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Dave Brisbin

Undivided Presence

Nicolas Herman was an uneducated peasant in seventeenth century France, impressed into the military where he was assigned the most menial tasks. When he was released, he decided to enter a Carmelite monastery and there became Br. Lawrence of the Resurrection, and was assigned the most menial tasks. But after years of practice, even working in a noisy kitchen, he found a presence of God that sustained and transformed any task, no matter how small, into a sacred act.

A friend of his wrote down everything he remembered of his conversations with Br. Lawrence—recorded him saying that all the thoughts that crowd in on us spoil everything, so we must be careful to reject them as soon as we become aware that they are not essential to our present duties. When he was assigned a task, he didn’t think or worry about it at all beforehand, because when the time came for action, in God’s presence he knew clearly what he must do. He didn’t remember the things he did afterward and was almost unaware even when he was doing them. On leaving the table, he couldn’t tell you what he had eaten.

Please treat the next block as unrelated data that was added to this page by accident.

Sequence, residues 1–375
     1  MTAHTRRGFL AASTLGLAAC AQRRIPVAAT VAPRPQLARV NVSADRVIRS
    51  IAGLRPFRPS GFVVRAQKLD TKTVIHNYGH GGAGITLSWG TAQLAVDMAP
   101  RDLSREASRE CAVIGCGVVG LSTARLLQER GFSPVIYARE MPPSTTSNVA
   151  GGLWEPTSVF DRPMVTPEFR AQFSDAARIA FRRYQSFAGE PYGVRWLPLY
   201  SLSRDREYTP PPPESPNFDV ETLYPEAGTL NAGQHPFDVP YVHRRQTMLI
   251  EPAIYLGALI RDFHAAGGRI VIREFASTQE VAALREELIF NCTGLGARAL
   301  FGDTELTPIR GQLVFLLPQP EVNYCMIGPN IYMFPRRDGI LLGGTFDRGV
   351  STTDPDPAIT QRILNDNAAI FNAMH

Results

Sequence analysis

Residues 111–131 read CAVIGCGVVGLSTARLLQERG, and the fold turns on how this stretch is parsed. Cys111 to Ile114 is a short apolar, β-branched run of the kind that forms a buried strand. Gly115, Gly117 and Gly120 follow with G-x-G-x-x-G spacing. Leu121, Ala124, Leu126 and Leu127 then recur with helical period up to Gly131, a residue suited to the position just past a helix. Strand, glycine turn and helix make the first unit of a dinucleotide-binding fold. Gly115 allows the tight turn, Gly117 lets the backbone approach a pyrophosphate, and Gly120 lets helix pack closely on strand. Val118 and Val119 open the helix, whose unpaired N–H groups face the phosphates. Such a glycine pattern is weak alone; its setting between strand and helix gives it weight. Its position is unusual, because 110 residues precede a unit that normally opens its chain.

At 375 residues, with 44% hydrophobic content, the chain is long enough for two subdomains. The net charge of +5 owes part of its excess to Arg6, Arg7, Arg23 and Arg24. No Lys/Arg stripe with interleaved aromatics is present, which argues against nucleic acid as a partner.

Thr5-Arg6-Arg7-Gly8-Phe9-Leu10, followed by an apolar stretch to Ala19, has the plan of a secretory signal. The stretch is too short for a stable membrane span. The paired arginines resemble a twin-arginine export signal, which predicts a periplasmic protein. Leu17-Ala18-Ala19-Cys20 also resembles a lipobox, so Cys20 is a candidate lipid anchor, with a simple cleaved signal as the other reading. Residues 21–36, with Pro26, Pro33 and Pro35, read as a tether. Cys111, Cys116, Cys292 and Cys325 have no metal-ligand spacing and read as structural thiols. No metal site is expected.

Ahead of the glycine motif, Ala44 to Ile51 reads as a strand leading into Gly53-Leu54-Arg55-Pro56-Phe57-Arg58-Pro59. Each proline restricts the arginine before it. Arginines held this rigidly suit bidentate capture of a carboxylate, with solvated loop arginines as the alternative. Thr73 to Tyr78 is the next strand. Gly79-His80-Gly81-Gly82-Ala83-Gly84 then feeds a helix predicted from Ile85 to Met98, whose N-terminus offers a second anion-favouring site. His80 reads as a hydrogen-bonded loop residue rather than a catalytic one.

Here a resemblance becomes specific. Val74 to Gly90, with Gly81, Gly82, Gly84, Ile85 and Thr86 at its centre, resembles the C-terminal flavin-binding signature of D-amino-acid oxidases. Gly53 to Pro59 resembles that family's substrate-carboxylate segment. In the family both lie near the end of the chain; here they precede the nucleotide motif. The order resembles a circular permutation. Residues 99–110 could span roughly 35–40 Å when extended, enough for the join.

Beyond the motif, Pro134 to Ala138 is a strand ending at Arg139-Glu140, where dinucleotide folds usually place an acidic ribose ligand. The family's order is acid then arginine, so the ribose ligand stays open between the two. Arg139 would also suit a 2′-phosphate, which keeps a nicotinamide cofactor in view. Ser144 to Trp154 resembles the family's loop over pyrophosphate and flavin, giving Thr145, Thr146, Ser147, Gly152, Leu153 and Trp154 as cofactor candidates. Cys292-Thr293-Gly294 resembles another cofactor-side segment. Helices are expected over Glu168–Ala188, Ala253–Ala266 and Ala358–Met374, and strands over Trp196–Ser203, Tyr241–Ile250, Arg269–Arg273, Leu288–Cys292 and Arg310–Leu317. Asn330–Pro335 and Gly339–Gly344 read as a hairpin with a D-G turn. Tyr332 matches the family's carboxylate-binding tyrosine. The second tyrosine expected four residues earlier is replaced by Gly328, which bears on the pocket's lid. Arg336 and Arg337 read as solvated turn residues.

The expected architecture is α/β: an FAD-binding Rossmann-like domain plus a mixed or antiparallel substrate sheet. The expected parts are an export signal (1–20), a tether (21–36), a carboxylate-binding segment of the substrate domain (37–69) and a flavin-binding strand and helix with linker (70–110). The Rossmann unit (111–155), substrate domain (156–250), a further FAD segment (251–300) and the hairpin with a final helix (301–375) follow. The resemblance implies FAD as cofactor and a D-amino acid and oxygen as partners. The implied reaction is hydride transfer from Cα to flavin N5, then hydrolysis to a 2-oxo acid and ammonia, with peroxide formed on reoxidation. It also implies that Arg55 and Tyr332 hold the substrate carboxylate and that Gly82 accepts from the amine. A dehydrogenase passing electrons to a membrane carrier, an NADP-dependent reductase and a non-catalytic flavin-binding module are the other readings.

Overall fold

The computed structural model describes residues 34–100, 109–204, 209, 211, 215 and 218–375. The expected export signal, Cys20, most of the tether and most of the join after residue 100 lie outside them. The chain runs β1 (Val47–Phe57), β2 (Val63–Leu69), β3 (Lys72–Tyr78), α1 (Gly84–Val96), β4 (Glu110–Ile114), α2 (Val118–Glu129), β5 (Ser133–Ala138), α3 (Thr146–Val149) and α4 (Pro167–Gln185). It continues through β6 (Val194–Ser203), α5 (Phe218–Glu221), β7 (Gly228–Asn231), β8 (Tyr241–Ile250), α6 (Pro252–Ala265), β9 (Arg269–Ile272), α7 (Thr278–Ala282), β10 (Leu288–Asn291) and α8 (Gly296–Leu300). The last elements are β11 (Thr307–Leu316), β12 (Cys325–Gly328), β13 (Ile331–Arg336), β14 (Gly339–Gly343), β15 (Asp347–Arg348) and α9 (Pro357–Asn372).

With no worrying beforehand, no remembrance after, completely immersed wherever he was, whatever he was doing, he had learned to integrate mind, body, soul—thought, action, intent. Aware without judging, thoughts and choices flowed through an undivided presence.

When Jesus was twelve, he came of age in a family pilgrimage to Jerusalem. Separated from his parents for nine days, they found him in the temple immersed in his sh’eilot u’teshuvot, a formal QA, testing with the elders. When his mother scolds him for scaring the gehenna out of them, he responds almost casually that of course he would be in his Father’s house, undivided in his Father’s presence—until the moment he leaves with them, just as undivided in their presence on the way home.

Jesus’ concept of Kingdom is the rosetta stone, the decoder key to all his teaching. Get kingdom, get it all. But until we understand kingdom as the undivided presence of a poor Carmelite monk and equally poor Jew during his bar mitzvah, we’ll always be waiting for the next bus.


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